Searching for Truthiness, Part 1: Logical Positivism vs. Statistics

Wittgenstein (second from right), whose early work inspired logical positivism


Recent coverage of a research paper by some Google engineers has ruffled some feathers in the world of SEO. The paper demonstrates a method for what they call a ‘knowledge-based trust’ approach to ranking search results. Instead of using ‘exogenous’ signals like the number of inbound hyperlinks to a web resource (as in the traditional Google PageRank algorithm), the KBT approach factors in ‘endogenous’ signals, namely, the ‘correctness of factual information’ found on the resource.

To understand what this change means, I think it’s worth briefly considering two approaches to knowledge: one is based on statistical measures and exemplified by modern search engines; the other has its roots in a key movement in 20th century philosophy.

One of the fundamental suppositions of analytic philosophy is that there is an objective, rigorous method for pursuing answers to complex questions. The idea that our ethical, political or metaphysical beliefs aren’t just matters of subjective opinion but can be interrogated, revised and improved using objective analytical methods that transcend mere rhetoric.

A group of philosophers in the 1920’s took this idea to an extreme in a movement called logical positivism. They believed that every sentence in any human language could in principle be classified as either verifiable or unverifiable. ‘Analytic’ statements, like those in mathematics, can be verified through logic. ‘Synthetic’ statements, like ‘water is h20’ can be verified through scientific experiment. Every other kind of statement, according to the logical positivists, was an expression of feeling, an exhortation to action or just plain nonsense, and unless you already agree with it there’s no objective way you could be convinced.

The allure of verificationism was that it offered a systematic way to assess any deductive argument. Take every statement, determine an appropriate method of verification for the statement, discarding any which are unverifiable. Sort the statements into premises and conclusions, and determine the truth value of each premise by reference to trusted knowledge sources. Finally, assess whether the conclusions validly follow from the premises using the methods of formal logic. To use a tired syllogism as an example, take the premises ‘All men are mortal’, ‘Socrates is a man’, and the conclusion ‘Socrates is mortal’. The premises can be verified as true through reference to biology and the historical record. Each statement can then be rendered in predicate logic so that the entire argument can be shown to be sound.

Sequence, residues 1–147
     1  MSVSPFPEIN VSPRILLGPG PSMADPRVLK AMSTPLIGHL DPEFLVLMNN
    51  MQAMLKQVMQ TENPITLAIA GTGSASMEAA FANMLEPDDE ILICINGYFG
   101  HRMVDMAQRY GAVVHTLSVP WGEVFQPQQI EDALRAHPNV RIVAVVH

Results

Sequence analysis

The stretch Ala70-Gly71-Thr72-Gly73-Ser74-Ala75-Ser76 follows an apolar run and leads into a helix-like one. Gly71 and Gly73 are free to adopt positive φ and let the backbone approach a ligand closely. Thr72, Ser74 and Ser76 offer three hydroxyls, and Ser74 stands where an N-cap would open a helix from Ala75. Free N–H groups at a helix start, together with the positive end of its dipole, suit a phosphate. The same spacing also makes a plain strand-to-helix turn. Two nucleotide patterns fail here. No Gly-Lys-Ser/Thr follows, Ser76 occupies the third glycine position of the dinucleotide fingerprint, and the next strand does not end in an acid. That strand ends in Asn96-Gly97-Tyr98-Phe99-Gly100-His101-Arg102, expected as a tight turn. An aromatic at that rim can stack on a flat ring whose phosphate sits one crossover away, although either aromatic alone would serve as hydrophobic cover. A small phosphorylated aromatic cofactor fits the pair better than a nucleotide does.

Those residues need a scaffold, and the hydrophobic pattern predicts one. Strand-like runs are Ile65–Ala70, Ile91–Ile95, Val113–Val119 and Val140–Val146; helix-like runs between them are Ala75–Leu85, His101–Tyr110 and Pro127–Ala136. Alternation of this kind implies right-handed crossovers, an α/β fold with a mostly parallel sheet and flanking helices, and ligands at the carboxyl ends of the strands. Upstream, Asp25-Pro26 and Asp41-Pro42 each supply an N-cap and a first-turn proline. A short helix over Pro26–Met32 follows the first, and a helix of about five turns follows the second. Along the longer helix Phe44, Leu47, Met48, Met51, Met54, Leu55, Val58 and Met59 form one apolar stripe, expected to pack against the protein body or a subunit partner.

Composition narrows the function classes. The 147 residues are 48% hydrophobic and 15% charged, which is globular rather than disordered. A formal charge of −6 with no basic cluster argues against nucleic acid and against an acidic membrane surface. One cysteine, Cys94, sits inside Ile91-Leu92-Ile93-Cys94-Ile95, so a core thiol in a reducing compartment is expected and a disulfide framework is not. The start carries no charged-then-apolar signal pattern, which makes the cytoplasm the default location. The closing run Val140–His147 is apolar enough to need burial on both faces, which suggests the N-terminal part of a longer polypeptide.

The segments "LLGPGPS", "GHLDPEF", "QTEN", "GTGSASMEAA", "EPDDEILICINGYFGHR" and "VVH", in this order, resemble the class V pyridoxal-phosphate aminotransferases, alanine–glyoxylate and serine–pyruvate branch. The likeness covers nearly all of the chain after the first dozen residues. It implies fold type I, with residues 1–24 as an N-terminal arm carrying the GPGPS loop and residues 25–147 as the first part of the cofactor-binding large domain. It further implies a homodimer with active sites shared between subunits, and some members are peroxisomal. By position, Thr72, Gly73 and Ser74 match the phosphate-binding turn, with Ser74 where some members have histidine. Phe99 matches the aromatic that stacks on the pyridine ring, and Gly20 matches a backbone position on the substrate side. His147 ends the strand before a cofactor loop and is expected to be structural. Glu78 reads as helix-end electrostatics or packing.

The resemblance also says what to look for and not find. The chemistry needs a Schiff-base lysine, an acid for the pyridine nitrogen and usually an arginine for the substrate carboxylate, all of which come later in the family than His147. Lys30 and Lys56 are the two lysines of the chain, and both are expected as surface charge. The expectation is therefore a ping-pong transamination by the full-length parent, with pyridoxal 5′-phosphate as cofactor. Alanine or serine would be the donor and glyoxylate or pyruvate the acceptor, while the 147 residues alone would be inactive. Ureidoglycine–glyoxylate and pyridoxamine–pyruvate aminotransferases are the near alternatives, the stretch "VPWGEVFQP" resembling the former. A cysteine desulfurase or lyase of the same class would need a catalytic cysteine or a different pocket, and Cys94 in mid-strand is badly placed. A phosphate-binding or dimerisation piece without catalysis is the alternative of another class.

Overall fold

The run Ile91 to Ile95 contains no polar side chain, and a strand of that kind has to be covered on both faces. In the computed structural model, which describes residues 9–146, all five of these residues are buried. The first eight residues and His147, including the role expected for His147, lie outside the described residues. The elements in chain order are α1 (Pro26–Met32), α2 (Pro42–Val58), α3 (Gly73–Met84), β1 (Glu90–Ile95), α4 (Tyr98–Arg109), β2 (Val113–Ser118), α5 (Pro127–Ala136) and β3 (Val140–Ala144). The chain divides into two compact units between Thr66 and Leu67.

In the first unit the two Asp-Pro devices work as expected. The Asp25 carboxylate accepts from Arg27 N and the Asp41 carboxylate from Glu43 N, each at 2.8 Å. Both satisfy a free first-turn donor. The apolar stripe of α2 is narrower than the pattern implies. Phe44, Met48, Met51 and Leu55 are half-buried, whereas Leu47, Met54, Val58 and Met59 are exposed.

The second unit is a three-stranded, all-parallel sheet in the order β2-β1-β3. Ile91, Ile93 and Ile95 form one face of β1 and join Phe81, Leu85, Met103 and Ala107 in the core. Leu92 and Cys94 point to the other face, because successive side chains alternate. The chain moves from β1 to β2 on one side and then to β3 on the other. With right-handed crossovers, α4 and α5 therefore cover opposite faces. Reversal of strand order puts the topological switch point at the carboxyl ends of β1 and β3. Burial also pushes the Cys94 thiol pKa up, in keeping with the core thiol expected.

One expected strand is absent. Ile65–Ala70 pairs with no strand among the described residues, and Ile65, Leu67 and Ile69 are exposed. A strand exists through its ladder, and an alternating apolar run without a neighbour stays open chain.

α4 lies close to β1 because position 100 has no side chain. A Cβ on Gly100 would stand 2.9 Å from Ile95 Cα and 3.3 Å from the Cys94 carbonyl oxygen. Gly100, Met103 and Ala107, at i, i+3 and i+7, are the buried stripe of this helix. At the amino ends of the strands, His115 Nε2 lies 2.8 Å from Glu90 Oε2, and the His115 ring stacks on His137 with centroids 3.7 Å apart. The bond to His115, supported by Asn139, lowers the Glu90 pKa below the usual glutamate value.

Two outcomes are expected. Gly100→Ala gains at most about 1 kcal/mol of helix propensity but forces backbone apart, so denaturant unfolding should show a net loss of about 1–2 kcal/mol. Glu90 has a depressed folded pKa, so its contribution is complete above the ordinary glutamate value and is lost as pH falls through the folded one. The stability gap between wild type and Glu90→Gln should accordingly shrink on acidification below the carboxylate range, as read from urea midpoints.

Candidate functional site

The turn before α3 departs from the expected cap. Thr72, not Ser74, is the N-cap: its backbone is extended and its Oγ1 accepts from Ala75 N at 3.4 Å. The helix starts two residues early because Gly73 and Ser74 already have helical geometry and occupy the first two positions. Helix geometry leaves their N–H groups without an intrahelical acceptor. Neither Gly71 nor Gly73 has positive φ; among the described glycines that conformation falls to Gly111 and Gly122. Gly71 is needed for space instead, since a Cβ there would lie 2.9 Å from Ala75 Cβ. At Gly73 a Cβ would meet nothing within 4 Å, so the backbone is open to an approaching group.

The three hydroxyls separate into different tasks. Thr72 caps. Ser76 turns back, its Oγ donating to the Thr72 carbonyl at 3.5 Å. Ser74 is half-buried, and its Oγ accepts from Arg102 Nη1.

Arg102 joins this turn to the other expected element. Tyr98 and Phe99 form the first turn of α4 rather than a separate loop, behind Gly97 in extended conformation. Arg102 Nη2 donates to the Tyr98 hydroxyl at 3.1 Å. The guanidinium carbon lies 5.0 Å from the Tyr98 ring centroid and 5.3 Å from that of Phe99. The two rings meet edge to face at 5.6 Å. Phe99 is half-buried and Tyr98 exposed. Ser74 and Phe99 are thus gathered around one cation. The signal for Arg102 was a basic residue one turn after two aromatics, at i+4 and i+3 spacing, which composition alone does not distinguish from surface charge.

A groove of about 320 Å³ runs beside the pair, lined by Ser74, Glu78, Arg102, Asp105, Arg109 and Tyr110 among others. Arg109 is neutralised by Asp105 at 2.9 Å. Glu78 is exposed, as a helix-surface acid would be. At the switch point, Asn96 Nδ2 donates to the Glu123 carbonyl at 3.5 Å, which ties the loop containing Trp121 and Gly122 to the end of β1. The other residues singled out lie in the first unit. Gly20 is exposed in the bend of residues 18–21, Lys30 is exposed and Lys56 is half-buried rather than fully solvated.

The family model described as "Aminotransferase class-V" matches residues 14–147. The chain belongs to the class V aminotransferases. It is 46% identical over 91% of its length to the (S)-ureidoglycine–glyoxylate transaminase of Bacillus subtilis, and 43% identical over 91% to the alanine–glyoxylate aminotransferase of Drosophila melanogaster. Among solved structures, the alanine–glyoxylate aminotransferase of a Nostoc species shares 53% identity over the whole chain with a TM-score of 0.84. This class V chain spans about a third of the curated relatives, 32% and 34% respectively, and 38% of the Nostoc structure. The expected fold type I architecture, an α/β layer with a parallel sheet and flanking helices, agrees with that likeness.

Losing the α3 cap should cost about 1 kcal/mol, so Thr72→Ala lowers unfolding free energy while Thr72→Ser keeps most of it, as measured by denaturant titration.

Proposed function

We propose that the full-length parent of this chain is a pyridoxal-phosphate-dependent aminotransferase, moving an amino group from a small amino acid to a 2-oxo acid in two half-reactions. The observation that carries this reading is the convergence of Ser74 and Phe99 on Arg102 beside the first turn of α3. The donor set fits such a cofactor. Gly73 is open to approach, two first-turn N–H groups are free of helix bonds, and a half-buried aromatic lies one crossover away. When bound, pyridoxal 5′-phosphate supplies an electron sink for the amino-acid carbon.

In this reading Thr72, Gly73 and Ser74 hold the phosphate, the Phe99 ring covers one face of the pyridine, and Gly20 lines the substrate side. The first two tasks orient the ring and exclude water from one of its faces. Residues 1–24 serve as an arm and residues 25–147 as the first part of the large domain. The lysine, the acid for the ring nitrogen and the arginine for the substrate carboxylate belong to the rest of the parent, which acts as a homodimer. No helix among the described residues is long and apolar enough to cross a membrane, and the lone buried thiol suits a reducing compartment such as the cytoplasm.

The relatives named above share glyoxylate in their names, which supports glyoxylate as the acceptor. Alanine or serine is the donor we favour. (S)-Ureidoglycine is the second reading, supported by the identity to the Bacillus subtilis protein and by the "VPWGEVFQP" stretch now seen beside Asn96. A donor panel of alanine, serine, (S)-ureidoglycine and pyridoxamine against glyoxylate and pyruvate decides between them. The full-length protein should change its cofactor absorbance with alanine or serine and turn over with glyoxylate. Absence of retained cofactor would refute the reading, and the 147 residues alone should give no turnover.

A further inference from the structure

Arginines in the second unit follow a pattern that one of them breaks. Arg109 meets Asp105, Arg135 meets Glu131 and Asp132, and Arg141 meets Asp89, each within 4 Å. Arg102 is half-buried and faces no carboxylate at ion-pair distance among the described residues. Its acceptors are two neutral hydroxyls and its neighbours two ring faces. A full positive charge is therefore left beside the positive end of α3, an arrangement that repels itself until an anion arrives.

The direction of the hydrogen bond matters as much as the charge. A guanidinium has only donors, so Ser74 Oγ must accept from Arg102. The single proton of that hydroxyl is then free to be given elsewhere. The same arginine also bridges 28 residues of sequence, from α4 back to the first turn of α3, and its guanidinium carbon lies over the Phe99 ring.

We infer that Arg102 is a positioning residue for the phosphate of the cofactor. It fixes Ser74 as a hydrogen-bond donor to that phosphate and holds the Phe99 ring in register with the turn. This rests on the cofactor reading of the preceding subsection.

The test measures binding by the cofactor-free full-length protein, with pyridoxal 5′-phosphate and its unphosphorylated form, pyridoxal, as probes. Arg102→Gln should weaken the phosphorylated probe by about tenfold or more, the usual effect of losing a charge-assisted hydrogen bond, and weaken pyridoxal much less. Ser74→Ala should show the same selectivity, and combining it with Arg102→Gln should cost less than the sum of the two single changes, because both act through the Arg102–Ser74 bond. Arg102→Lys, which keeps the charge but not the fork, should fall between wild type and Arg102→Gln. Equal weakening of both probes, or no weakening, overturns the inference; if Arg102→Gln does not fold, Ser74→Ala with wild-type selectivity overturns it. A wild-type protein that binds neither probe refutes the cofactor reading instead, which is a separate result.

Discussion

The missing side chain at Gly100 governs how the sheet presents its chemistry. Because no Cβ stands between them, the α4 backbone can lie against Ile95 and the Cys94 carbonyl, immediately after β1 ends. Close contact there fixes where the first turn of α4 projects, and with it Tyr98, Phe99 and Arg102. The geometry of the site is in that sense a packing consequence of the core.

While I doubt that the entirety of intellectual debate and enquiry can be reduced down in this way without losing some essential meaning (not to mention rhetorical force), it certainly provides a useful model for certain aspects of reasoning. For better or worse, this model has been used time and time again in attempts to build artificial intelligence. Armed with predicate logic, ontologies to classify things, and lots of fact-checked machine-readable statements, computers can all sorts of clever things.

Search engines could not only find pages based on keywords but do little bits of reasoning to help give us new information that isn’t explicitly written anywhere but can be inferred from a stock of pre-existing information. This is a perfect job for computers because they are great at following well defined rules incredibly fast over massive amounts of data. This is the purpose of projects like Freebase and Wikidata – to take the knowledge we’ve built up in natural language and translate it into machine readable data (stored as key-value pairs or triples). It’s the vision of the semantic web outlined by Tim Berners-Lee.

The search engines we know and love are based on a different approach. This is less focused on logic and knowledge representation and more on statistics. Rather than attempting to represent and reason about the world, the statistical approach tries to get computers to learn how to perform a task based on data (usually generated as a by-product of human activity). For instance, the relevance of a response to a search query isn’t determined by the ‘meaning’ of the query and pre-digested statements about the world, but by the number of inbound links and clicks on a page. We gave up trying to get computers to understand what we’re talking about, and allowed them to guess what we’re after based on the sheer brute force of correlation.

In the next post I’ll look at how Google might integrate these two approaches to improve search engine results.